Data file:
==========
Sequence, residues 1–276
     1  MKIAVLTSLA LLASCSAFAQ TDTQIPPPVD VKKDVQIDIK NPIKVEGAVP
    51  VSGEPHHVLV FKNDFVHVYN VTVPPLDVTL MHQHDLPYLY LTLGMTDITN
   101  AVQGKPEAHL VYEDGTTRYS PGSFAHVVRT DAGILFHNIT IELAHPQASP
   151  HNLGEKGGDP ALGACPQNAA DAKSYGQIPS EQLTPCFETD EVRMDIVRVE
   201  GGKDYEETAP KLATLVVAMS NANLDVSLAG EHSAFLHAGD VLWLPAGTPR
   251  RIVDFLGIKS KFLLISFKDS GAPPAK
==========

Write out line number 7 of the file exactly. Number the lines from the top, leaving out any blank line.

   251  RIVDFLGIKS KFLLISFKDS GAPPAK